In particular, natural selection, the mechanism for evolution, the only process we know of that can possibly produce complex life (short of artificial means), does not guarantee or even encourage intelligent life. Assuming, then, that intelligent life is going to be common in places where life exists is an extraordinary claim.
« Last Edit: January 26, 2012, 12:02:15 am by onpon4 » Logged

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Re: Do you believe that aliens are monitoring earth?
« Reply #18 on: January 25, 2012, 10:59:02 pm »

Quote
In particular, natural selection, the mechanism for evolution, the only process we know of that can possibly produce complex life (short of artificial means), does not guarantee or even encourage intelligent life. Assuming, then, that intelligent life is going to be common in places where life exists is an extraordinary claim.

Well.. even though there are many bacteria and single celled eukaryotes that in many ways are much more successful than humans, especially when it comes to their ability to survive in harsh conditions, life on earth has been evolving greater and greater complexity. This is mostly because life of increased complexity can find and exploit new niches.  We can therefore assume that life on other planets also have the tendency to evolve greater and greater complexity to fill and exploit new niches.
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Re: Do you believe that aliens are monitoring earth?
« Reply #19 on: January 25, 2012, 11:34:20 pm »

You think it's better to just pull stuff out of your had which has no basis in reality whatsoever than to look at what limited sample of the subject we have of the subject in reality and draw conclusions based on that sample? This "generalization" is looking at all life we have ever witnessed as well as our most general understanding of how life works.

In particular, natural selection, the mechanism for evolution, the only process we know of that can possibly produce complex life (short of artificial means), does not guarantee or even encourage intelligent life. Assuming, then, that intelligent life is going to be common in places where life exists is an extraordinary claim.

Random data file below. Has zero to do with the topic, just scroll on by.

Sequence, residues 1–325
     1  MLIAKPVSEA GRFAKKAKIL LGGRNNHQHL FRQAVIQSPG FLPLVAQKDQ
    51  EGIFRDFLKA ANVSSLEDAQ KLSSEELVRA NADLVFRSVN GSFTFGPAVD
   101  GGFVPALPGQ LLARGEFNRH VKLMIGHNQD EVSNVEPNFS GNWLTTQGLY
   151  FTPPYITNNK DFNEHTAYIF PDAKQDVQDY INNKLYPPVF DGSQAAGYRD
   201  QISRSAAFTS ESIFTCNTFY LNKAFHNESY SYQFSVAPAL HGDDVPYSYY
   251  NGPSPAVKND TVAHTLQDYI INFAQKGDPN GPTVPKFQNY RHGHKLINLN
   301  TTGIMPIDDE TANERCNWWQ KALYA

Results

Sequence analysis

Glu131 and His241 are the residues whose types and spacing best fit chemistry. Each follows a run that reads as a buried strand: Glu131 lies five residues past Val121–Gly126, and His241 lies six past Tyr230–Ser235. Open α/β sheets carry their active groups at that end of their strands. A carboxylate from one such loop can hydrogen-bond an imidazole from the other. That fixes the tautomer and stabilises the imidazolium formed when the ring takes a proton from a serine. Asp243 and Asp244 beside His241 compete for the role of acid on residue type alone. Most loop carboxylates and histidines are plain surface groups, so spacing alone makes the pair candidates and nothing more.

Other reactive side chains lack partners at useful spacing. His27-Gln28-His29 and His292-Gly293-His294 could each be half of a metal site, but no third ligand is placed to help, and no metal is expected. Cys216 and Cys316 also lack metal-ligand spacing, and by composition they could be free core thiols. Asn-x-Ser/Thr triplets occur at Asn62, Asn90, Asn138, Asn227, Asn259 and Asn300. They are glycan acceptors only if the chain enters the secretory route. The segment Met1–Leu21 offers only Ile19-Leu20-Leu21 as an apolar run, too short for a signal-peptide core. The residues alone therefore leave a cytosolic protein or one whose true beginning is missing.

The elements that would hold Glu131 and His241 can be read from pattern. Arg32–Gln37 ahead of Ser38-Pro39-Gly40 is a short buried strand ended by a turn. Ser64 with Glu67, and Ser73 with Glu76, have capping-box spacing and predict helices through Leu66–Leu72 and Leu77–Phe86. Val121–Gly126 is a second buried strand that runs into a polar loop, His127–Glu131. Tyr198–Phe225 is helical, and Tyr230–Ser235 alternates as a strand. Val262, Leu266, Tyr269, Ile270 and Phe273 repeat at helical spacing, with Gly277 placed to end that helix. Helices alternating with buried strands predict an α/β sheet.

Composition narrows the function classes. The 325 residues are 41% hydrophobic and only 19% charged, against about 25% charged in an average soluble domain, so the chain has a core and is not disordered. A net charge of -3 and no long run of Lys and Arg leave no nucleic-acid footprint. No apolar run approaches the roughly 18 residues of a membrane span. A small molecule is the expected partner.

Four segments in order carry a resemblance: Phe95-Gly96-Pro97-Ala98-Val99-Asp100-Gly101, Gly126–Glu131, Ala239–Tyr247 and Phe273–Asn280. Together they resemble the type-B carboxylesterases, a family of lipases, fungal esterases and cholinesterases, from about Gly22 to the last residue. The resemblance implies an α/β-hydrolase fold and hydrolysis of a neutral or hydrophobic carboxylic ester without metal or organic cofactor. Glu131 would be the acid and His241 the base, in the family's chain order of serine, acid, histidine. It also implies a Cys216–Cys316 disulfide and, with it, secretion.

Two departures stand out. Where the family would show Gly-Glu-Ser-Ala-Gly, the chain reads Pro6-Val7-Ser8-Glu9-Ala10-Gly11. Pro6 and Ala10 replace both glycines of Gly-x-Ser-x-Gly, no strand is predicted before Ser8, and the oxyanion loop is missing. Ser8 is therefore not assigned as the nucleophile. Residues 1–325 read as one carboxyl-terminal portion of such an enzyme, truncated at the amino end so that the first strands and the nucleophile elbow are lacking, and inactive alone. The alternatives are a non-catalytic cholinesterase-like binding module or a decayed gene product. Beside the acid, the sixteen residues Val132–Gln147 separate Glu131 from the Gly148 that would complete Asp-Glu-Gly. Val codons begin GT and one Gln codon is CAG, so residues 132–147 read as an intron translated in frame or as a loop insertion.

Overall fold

I'm saying drawing conclusions based on what we know and pulling something out of a hat are functionally identical in this case, because what we know amounts to nothing. They're both bad ideas.
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Re: Do you believe that aliens are monitoring earth?
« Reply #20 on: January 25, 2012, 11:57:39 pm »

But we do know a bit....

Quote
WASHINGTON (AP) - Scientists have estimated the first cosmic census of planets in our galaxy and the numbers are astronomical: at least 50 billion planets in the Milky Way.

At least 500 million of those planets are in the not-too-hot, not-too-cold zone where life could exist. The numbers were extrapolated from the early results of NASA's planet-hunting Kepler telescope.
http://apnews.excite.com/article/20110219/D9LG45NO0.html

We also know quite a bit about abiogenesis, and the vast majority of bioscientists believe that life originated spontaneously from simpler molecules on Earth. They also believe that life will develop on other planets with liquid water in a similar fashion.
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Re: Do you believe that aliens are monitoring earth?
« Reply #21 on: January 26, 2012, 12:30:56 am »